curriculum

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Where we’re getting curriculum wrong Part 2: Powerful knowledge

2020-04-04T17:00:00+01:00December 12th, 2019|curriculum|

In part 1 of this blog series I discussed the importance of cultural capital, where we might be getting it wrong, what it consists of, and how to resolve the problem of 'dead white men'. Where we're getting 'powerful knowledge' wrong While we can make a case that all knowledge is precious, not all knowledge is equally precious. In Bringing Knowledge Back In, education professor Michael Young advanced the idea of ‘powerful knowledge’. In Young's view, knowledge is powerful if it fulfils a number of characteristics. It should: provide reliable explanations and a sound basis for making judgements and generalisations about [...]

A broad and balanced approach to English teaching and the curriculum

2018-06-29T18:30:54+01:00June 29th, 2018|English|

Having launched a stream of invective against the use of 'balance' as a weasel word in my last post, I want to offer a more nuanced take on what I think balance ought to mean. I see the purpose of a curriculum as being to introduce students to that knowledge which will be of most use to them in academic contexts and to allow them to have the maximum amount of choice in what goals they choose to pursue in life. All skills are activated by knowledge and - if we want students to be creative, intellectually curious and productive - [...]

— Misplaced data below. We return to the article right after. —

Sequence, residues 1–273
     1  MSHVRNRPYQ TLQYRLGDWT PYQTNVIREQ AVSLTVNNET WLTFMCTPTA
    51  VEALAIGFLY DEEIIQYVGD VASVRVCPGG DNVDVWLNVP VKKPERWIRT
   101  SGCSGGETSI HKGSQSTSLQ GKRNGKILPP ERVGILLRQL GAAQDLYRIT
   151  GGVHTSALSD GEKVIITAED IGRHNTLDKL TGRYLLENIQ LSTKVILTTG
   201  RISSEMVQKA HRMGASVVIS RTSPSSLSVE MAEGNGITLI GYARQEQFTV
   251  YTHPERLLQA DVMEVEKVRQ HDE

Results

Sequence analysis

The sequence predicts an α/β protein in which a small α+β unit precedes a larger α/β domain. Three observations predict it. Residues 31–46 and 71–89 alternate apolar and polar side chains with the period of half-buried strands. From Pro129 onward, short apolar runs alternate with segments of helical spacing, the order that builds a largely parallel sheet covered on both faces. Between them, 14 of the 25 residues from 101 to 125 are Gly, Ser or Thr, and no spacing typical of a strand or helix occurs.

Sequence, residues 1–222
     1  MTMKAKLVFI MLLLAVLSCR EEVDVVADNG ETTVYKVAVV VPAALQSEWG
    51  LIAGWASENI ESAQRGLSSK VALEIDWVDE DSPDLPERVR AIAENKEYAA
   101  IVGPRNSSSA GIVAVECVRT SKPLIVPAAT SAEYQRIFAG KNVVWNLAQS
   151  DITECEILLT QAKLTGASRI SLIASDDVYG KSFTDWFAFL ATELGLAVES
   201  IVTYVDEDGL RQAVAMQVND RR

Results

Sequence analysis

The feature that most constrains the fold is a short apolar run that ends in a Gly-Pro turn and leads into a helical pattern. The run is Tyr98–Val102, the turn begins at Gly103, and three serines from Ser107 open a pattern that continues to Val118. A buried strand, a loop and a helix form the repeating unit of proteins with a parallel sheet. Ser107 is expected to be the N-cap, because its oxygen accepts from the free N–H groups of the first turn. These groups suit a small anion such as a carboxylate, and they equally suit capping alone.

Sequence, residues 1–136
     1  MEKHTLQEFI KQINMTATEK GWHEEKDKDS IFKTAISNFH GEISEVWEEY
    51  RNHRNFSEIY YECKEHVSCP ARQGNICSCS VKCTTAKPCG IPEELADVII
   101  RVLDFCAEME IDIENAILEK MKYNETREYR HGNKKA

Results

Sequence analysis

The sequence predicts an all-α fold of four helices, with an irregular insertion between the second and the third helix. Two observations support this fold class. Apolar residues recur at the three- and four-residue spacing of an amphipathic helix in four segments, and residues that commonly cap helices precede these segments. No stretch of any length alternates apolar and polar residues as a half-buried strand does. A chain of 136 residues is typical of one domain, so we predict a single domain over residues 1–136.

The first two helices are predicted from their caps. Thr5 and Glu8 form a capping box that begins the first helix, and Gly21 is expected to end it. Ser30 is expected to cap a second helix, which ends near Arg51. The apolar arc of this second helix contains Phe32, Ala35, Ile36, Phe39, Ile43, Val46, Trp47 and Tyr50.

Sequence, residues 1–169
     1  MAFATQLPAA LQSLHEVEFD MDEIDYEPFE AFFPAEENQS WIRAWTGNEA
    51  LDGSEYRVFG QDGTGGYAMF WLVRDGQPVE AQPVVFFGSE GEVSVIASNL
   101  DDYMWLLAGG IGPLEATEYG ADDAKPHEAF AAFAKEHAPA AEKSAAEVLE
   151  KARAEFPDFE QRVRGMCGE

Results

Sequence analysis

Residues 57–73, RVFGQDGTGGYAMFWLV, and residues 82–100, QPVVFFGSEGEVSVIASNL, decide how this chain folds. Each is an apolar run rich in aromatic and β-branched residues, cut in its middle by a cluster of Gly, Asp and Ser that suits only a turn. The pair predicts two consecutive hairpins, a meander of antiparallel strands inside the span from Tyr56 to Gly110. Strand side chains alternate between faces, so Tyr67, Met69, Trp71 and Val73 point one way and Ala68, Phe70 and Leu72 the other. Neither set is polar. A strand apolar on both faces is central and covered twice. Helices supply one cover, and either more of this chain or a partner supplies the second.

Should we learn to love our shackles?

2015-09-12T10:48:33+01:00September 12th, 2015|leadership|

"Freedom is nothing else but a chance to be better." Albert Camus There's already been some pretty scathing reactions to the master plan to introduce a common curriculum and assessment system into UK schools Dame Sally Coates lays out in Schools Week. Carl Hendrick describes her ideas as a dystopian nightmare and Pedro De Bruyckere sees it as a surefire way to turn education into the caricature that Ken Robinson paints it. But is there any merit in her ideas? Some gold we can pan for? Well, maybe. Coates says she wants to liberate teachers  "from the pressures of curriculum planning" so they "could focus [...]

One step beyond – assessing what we value

2014-09-01T09:31:17+01:00April 5th, 2014|assessment, English|

Hey you, don't teach that. Teach this! Do we always teach what we value? it seems to me that when push comes to shove, we end up teaching what is assessed. The urgency of accountability results, inexorably, in teaching to the test. And this, sadly, ends up with teachers teaching stuff that they don't particularly value. I'm not in any way a mathematician, but one of the problems with maths at GCSE is that the knowledge students are taught is atomised: they are rarely shown the links and connections between, say, vectors and averages. Why not? Because the examination doesn't require them [...]